The last index to be considered is the CFI. This index measures the proportionate improvement in fit by comparing a hypothesised model with a more restricted, nested baseline model (Byrne, 2006). The CFI assumes a baseline model in which all latent variables are uncorrelated. Values typically range between 0 and 1 (Hooper, Coughlan & Mullen, 2008), with higher values (> 0.95) generally considered indicative of a well-fitting model. The CFI reported for the leadership dimension measurement model is 0.855, which is less than the cut-off value of 0.95. Considered collectively, these results suggest that the single factor leadership dimension does not fit the model well. However, as the model fit did not deviate significantly from the normative guidelines, the authors looked for further corroborative evidence by examining specific model parameters. Table 3 contains the completely standardised lambda factor loadings of the single factor leadership dimension model.

TABLE 3: Confirmatory factor analysis model parameters of 1D measurement model.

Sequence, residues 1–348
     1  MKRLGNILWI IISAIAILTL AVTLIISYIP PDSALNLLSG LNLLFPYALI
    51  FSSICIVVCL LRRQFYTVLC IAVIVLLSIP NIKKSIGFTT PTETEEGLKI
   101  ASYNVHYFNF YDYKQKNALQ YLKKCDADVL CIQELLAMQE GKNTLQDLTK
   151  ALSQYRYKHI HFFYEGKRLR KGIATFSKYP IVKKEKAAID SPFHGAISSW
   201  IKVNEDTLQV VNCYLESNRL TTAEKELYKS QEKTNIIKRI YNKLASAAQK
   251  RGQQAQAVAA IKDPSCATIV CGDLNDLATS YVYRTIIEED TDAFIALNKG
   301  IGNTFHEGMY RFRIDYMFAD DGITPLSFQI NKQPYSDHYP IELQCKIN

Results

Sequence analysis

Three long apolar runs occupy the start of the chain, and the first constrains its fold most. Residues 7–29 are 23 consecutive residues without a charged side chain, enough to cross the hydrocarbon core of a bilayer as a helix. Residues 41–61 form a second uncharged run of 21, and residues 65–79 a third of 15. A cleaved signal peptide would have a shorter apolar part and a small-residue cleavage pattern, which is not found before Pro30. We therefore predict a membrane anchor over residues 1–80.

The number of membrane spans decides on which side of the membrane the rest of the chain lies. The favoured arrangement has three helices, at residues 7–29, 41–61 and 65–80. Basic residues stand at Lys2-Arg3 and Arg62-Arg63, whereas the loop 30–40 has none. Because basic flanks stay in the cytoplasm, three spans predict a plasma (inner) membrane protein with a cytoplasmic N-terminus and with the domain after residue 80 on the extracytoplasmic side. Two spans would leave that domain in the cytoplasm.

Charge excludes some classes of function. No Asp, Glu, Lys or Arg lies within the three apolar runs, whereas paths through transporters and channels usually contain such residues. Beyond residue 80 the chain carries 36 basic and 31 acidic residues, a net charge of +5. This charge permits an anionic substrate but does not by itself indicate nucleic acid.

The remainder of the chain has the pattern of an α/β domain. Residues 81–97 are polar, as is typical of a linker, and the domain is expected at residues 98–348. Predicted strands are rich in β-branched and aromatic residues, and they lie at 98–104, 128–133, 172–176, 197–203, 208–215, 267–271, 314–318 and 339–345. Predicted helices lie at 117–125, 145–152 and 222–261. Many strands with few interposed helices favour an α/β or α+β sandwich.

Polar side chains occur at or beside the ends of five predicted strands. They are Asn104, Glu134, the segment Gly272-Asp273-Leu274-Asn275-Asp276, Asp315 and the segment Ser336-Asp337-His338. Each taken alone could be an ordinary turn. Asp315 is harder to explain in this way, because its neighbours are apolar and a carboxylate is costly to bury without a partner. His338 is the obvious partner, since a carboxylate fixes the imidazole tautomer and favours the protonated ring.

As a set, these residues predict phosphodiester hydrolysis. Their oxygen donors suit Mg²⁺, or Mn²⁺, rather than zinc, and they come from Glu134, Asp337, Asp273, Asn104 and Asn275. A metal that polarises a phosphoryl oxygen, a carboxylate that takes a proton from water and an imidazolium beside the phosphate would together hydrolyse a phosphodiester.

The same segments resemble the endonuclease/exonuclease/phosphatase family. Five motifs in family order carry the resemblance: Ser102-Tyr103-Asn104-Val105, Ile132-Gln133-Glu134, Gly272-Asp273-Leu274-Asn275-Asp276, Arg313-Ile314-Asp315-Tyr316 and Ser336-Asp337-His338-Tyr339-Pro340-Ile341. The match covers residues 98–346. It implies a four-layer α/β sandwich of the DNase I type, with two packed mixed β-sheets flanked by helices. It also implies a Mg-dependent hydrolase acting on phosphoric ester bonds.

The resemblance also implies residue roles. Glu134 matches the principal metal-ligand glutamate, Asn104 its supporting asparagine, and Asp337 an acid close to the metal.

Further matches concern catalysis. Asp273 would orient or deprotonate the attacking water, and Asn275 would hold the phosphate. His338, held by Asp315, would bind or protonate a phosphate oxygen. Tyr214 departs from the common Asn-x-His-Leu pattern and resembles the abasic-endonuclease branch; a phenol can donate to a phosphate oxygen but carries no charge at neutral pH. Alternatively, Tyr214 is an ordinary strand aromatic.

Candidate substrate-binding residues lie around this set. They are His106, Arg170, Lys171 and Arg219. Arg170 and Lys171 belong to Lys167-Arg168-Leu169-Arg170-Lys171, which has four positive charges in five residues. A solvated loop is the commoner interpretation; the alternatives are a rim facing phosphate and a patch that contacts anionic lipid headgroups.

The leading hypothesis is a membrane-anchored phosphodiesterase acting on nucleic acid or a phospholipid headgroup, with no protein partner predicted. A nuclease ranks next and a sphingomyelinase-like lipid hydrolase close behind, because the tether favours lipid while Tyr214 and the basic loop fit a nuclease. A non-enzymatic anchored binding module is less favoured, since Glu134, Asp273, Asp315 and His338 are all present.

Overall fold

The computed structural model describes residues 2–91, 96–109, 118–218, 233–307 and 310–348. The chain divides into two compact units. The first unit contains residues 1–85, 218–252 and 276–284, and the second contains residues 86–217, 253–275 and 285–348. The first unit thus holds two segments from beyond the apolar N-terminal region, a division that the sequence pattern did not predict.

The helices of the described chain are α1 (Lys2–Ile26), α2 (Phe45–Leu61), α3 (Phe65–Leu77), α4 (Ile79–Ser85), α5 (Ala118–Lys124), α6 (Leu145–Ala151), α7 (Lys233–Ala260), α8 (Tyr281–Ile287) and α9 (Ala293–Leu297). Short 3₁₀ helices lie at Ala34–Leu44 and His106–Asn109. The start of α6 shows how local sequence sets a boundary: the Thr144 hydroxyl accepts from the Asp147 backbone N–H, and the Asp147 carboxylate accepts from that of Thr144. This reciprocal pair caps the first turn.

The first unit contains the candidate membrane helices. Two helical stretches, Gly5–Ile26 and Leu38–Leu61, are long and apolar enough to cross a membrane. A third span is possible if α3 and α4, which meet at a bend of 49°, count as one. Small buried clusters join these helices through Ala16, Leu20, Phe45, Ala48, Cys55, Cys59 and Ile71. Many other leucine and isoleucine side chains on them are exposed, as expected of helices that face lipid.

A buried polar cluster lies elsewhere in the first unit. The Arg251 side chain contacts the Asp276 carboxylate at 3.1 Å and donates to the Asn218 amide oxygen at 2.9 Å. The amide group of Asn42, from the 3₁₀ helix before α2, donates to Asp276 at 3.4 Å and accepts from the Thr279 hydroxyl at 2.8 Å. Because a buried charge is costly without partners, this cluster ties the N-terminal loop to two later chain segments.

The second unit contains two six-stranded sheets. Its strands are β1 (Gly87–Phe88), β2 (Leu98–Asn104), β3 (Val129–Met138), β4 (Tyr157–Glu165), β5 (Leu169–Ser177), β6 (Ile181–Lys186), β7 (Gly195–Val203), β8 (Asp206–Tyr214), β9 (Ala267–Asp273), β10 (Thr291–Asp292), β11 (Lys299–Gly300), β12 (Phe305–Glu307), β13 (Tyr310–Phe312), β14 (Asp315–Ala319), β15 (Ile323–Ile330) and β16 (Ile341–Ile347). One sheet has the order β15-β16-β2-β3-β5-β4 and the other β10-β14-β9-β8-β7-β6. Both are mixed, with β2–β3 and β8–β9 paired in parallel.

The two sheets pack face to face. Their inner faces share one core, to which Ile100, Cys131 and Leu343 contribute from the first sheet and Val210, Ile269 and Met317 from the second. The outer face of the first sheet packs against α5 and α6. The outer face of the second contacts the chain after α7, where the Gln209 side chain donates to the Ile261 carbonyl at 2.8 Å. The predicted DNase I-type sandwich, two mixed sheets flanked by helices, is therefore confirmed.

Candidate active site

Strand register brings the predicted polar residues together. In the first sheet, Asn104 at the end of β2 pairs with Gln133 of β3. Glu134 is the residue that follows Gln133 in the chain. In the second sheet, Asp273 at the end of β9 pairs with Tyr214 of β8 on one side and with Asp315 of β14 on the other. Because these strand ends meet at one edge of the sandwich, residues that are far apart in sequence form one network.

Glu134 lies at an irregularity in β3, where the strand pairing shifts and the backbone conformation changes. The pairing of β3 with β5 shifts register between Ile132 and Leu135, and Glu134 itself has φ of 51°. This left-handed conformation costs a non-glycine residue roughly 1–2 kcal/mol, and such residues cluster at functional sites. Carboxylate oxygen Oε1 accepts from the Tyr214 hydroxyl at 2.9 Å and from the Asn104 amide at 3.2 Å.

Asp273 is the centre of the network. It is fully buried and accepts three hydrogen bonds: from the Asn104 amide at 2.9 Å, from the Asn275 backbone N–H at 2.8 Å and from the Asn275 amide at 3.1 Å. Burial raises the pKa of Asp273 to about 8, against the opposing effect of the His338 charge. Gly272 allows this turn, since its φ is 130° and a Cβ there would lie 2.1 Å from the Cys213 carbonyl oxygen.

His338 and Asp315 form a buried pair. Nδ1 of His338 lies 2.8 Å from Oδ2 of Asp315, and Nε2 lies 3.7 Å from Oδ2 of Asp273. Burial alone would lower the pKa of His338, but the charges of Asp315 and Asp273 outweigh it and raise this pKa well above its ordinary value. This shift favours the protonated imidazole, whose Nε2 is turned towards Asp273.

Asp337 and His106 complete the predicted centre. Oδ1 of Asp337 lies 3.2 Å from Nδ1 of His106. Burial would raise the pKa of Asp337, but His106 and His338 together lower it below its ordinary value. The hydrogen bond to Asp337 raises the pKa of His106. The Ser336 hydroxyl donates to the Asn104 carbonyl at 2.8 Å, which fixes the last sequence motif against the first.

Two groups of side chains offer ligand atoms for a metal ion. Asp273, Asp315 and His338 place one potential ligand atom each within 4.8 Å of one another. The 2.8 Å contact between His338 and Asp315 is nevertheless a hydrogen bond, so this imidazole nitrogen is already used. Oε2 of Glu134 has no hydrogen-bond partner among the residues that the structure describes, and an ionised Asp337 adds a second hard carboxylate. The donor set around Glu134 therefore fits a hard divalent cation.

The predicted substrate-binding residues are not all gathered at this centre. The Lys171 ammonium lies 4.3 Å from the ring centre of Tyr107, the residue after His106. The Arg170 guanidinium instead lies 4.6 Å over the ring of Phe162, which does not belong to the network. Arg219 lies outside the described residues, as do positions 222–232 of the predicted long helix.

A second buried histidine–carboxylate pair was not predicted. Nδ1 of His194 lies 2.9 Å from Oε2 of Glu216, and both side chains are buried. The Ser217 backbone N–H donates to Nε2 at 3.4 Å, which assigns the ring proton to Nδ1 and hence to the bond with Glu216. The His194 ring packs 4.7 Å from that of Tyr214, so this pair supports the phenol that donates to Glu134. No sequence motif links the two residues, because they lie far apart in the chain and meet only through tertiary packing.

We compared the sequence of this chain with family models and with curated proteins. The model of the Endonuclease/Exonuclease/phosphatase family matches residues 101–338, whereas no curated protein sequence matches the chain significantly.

Kline (1999) suggested that completely standardised factor loadings should be statistically significant and range from 0.50 to 0.70 since standardised lambda loadings must be squared in order to express the proportion of variance in the indicator variables that can be explained by each dimension constituting the DAC. For example, a standardised factor loading of 0.71 squared equates to 0.50. Thus, 50% of the variance reflected in the specific indicator is due to the latent variable. The remaining 50% of the variance that is left unexplained can obviously be attributed to the influence of systematic and unsystematic sources of extraneous variance. When lambda loadings fall below 0.70, more than half of the variance in the measure is due to error variance (systematic and random). Standardised loading estimates of 0.50 and higher are viewed as acceptable (Becker, 2009) and were considered sufficiently large for the purposes of the current study. When this criterion was strictly adhered to, five of the nine indicators failed to meet the minimum lambda loading criteria (indicated in Table 3).